Parent Training, Meds Combo Improves Behavior in PDD

Modest extra benefit for children with pervasive developmental disorders, behavioral problems

FRIDAY, March 2 (HealthDay News) -- Children with pervasive developmental disorders (PDD) and serious behavioral problems respond better to medication combined with parent training than just medication, according to a study published in the February issue of the Journal of the American Academy of Child & Adolescent Psychiatry.

Lawrence Scahill, M.S.N., Ph.D., of Yale University in New Haven, Conn., and colleagues conducted a 24-week trial in which 124 children (aged 4 to 13 years) with PDD and serious behavioral problems were randomized to medication alone (MED; risperidone, or aripiprazole if risperidone was ineffective) or a combination of medication plus parent training (PT) (COMB). Parents of children in the COMB group participated in an average of 11.4 PT sessions. Vineland Adaptive Behavior Scales were used to assess improvement.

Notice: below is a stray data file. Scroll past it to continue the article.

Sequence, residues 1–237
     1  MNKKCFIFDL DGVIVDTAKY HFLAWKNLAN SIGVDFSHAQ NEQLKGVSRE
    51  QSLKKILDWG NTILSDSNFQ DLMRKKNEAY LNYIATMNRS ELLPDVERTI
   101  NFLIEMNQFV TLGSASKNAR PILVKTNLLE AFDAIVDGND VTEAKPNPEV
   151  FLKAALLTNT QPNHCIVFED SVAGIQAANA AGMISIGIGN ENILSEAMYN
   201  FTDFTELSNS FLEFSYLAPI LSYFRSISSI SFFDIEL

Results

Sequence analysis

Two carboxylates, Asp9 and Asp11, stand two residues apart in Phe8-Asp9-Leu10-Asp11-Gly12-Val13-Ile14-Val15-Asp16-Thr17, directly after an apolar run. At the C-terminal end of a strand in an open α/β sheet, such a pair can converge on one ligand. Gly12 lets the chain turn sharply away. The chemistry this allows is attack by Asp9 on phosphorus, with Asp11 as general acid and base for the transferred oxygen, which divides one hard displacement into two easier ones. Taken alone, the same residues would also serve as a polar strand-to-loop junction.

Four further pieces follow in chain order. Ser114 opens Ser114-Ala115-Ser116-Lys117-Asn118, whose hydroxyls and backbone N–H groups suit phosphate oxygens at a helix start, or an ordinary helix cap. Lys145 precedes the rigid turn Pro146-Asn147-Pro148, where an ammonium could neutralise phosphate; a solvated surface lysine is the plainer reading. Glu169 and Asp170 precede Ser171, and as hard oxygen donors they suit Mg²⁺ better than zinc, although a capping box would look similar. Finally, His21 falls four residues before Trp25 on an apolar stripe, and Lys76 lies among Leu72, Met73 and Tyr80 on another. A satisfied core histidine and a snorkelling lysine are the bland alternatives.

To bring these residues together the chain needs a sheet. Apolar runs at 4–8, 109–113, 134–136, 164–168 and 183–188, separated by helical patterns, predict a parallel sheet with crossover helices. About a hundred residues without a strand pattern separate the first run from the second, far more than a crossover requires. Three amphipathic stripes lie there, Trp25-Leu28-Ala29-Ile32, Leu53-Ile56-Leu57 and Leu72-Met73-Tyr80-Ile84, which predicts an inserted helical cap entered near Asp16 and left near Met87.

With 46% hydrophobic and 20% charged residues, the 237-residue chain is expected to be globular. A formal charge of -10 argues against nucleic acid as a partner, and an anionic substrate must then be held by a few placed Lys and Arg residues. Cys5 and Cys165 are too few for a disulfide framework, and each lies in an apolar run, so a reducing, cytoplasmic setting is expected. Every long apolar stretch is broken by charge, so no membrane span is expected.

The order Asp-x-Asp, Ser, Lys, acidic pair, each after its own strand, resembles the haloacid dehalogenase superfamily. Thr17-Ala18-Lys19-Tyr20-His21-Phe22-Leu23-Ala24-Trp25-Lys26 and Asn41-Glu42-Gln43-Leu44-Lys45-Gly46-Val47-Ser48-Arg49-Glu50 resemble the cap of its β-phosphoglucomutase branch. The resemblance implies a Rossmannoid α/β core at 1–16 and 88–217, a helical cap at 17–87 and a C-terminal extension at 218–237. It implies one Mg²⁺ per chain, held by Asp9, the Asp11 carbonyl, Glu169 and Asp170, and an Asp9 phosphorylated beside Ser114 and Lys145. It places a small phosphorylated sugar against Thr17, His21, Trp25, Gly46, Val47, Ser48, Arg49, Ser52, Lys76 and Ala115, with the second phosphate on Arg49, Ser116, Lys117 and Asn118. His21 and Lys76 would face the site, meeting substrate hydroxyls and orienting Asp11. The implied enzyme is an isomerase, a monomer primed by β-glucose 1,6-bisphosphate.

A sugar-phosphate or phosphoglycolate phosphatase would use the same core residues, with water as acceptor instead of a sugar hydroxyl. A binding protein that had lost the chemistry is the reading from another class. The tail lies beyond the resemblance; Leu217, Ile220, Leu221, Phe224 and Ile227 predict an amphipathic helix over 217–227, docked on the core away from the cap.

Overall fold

The researchers found that both groups showed improvement over the trial period on all Vineland domains. Greater improvement was seen in Vineland Socialization and Adaptive Composite Standard scores in the COMB group versus the MED group (P = 0.01 and 0.05, respectively). Socialization and Communication domains showed greater improvement in the COMB group versus the MED group on Age Equivalent scores (P = 0.03 and 0.05, respectively). Compared with the MED group, children in the COMB group were twice as likely to make a gain of at least six months in the Vineland Communication Age Equivalent score, but the difference was no longer significant after controlling for IQ.

"Reduction of serious maladaptive behavior promotes improvement in adaptive behavior. Medication plus PT shows modest additional benefit over medication alone," the authors write.

Several authors disclosed financial relationships with pharmaceutical companies.

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